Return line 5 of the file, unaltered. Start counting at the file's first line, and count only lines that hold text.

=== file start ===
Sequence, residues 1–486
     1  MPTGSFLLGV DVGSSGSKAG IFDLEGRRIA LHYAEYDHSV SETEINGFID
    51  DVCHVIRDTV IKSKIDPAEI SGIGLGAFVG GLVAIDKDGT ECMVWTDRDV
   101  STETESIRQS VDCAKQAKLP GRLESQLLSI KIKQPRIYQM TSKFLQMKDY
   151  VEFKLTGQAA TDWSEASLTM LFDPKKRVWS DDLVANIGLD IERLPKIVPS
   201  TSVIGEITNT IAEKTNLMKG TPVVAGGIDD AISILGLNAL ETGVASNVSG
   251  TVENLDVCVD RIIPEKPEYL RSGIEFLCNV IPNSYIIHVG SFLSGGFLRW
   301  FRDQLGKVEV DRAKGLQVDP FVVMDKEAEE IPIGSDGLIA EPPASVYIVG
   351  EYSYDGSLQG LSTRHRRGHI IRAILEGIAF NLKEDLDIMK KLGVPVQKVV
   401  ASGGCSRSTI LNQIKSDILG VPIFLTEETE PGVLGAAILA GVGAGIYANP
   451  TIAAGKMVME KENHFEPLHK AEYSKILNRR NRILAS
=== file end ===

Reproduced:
   151  VEFKLTGQAA TDWSEASLTM LFDPKKRVWS DDLVANIGLD IERLPKIVPS